Suppose first that \(\lambda _{\mathrm{{min}}}(H) < - \epsilon \). By Lemma 2, we know that with probability at least \(1-\delta \), the Lanczos procedure returns a vector v such that \(\Vert v\Vert =1\) and \(v^\top Hv \le -(\epsilon /2)\) after at most \({\bar{J}}\) iterations. Thus, for some \(j \le {\bar{J}}\), we have \(v \in \mathcal{K}_j(b,H) = \mathcal{K}_j(b,{\bar{H}})\), and moreover \(v^\top {\bar{H}}v \le 0\) by definition of \({\bar{H}}\), so the Krylov subspace \(\mathcal{K}_j(b,{\bar{H}})\) contains directions of nonpositive curvature, for some \(j \le {\bar{J}}\). It then follows from Theorem 5 that \(p_j^\top {\bar{H}}p_j \le 0\) for some \(j \le {\bar{J}}\). To summarize: If \(\lambda _{\mathrm{{min}}}(H) < - \epsilon \), then with probability \(1-\delta \), Algorithm 4 applied to \({\bar{H}}\) and \(g=-b\) will terminate with some \(p_j\) such that \(p_j^\top {\bar{H}}p_j \le 0\) for some j with \(j \le {\bar{J}}\). The proof of (a) is complete.

Suppose now that Algorithm 4 applied to \({\bar{H}}\) and \(g=-b\) runs for \({\bar{J}}\) iterations without terminating, that is \(p_j^\top {\bar{H}}p_j >0\) for \(j=0,1,\cdots ,{\bar{J}}\). It follows from the logic of Theorem 5 that \(\mathcal{K}_{{\bar{J}}}(b,{\bar{H}})\) contains no directions of nonpositive curvature for \({\bar{H}}\). Equivalently, there is no direction of curvature less than \(-\epsilon /2\) for H in \(\mathcal{K}_{{\bar{J}}}(b,H)\). By Lemma 2, this certifies with probability at least \(1-\delta \) that \(\lambda _{\mathrm{{min}}}(H) \ge -\epsilon \), establishing (b). \(\square \)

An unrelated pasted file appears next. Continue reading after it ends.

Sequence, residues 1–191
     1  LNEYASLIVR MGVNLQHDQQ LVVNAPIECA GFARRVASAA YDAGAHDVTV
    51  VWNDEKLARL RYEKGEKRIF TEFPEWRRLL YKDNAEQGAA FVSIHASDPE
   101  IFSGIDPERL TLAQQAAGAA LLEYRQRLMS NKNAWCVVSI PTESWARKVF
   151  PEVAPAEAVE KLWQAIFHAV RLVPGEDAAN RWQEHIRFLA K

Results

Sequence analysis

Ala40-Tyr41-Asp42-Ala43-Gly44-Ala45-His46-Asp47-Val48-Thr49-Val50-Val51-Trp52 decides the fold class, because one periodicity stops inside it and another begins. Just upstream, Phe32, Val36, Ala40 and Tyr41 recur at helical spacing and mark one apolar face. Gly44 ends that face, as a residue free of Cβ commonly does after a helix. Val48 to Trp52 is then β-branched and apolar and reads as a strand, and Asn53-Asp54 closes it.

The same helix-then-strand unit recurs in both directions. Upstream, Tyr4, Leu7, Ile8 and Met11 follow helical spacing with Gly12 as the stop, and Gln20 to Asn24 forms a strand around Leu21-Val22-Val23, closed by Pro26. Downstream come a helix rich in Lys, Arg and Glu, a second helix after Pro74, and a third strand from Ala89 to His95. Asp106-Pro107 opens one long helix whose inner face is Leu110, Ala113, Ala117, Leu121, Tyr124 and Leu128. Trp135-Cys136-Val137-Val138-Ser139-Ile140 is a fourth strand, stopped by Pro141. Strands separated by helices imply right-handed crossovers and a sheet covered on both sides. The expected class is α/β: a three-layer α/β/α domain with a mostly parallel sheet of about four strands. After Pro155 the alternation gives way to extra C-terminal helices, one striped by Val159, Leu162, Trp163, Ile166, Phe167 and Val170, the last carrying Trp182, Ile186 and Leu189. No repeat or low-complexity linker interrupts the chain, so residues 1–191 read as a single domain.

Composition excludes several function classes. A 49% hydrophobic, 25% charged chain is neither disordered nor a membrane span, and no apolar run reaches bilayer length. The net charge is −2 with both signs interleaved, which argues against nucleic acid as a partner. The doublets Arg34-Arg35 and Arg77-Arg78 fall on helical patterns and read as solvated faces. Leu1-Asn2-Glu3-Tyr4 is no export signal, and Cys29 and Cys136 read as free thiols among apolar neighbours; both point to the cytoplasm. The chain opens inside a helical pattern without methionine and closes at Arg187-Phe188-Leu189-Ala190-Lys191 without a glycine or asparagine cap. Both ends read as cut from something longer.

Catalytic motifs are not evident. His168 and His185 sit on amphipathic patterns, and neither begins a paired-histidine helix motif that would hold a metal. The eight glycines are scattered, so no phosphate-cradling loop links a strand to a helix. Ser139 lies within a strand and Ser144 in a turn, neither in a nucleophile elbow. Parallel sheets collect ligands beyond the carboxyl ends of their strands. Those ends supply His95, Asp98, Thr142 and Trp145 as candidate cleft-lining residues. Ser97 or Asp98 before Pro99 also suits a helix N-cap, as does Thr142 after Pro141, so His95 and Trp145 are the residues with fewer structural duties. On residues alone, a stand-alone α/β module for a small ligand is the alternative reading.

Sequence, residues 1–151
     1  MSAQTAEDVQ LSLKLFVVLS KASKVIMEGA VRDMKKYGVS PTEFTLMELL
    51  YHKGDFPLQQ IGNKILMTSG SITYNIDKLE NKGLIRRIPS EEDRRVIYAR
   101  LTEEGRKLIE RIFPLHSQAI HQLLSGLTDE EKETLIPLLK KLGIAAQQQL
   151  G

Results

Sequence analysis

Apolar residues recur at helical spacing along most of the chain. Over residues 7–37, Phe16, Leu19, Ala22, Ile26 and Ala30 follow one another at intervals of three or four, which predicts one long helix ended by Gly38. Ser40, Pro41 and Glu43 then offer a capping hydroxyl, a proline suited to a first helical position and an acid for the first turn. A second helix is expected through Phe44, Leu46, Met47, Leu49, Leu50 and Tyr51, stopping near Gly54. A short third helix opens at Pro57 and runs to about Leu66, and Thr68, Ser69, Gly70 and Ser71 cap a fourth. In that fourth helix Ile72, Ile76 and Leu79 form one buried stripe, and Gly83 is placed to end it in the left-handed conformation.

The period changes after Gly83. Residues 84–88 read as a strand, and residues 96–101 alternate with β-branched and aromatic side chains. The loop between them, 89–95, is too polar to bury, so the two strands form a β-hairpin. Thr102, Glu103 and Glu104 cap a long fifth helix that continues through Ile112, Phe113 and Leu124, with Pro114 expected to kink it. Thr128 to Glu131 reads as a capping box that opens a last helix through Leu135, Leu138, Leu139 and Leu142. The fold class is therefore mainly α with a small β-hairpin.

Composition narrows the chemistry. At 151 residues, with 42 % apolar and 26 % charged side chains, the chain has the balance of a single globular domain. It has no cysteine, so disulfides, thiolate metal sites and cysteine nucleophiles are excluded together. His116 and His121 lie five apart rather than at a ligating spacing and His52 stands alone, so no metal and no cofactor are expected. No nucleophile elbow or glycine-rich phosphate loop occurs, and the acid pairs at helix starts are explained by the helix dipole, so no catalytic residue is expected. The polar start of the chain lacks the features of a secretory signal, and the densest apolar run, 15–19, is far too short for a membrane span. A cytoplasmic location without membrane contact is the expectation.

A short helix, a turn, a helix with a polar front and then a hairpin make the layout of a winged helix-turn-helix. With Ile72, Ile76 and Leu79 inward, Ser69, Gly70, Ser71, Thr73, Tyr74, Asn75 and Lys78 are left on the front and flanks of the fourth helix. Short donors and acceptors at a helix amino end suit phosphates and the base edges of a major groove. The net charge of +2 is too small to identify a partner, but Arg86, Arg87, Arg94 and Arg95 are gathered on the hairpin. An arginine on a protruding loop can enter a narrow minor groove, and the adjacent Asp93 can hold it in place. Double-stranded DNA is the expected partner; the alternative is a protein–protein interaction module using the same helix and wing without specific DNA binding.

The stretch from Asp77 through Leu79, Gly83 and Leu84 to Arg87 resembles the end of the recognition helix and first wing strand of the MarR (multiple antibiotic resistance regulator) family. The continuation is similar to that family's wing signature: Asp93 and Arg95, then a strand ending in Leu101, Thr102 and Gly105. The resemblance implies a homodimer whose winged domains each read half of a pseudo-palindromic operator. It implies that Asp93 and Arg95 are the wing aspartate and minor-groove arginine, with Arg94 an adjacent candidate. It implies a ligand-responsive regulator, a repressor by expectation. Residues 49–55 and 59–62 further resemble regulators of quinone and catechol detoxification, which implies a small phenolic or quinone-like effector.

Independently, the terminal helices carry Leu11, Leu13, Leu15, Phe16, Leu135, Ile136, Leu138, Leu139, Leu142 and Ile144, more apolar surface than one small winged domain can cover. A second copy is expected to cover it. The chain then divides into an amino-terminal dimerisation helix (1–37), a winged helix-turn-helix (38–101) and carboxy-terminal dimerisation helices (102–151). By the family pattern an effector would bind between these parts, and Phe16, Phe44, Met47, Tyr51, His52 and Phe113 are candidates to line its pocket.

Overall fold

1.3 Randomized Lanczos with internal estimation of a bound on \(\Vert H\Vert \)

The methods discussed in Sect. B.2 assume knowledge of an upper bound on the considered matrix, denoted by M. When no such bound is known, we show here that it is possible to estimate it within the Lanczos procedure. Algorithm 5 details the method; we show that it can be used as an instance of Procedure 2 satisfying Assumption 3 when the optional parameter M is not provided.

Algorithm 5 consists in applying the Lanczos method on H starting with a random vector b. We first run Lanczos for \(j_M\) iterations, where \(j_M\) does not depend on any estimate on the minimum or maximum eigenvalue and instead targets a fixed accuracy. After this initial phase of \(j_M\) iterations, we have approximations of the extreme eigenvalues \(\xi _{\mathrm{{max}}}(H, b, j_M)\) and \(\xi _{\mathrm{{min}}}(H, b, j_M)\) from (42). An estimate M of \(\Vert H\Vert \) is then given by:

$$\begin{aligned} M = 2 \max \left\{ |\xi _{\mathrm{{max}}}(H, b, j_M)|, |\xi _{\mathrm{{min}}}(H, b, j_M)| \right\} . \end{aligned}$$

We show below that \(\Vert H\Vert \le M \le 2\Vert H\Vert \), with high probability. This value can then be used together with a tolerance \(\epsilon \) to define a new iteration limit for the Lanczos method. After this new iteration limit is reached, we can either produce a direction of curvature at most \(-\epsilon /2\), or certify with high probability that \(\lambda _{\min }(H) \succeq -\epsilon I\)—the desired outcomes for Procedure 2.

figure e

Algorithm 5 could be terminated earlier, in fewer than \(j_{\mathrm {total}}\) iterations, when a direction of sufficient negative is encountered. For simplicity, we do not consider this feature, but observe that it would not affect the guarantees of the method, described in Lemma 10 below.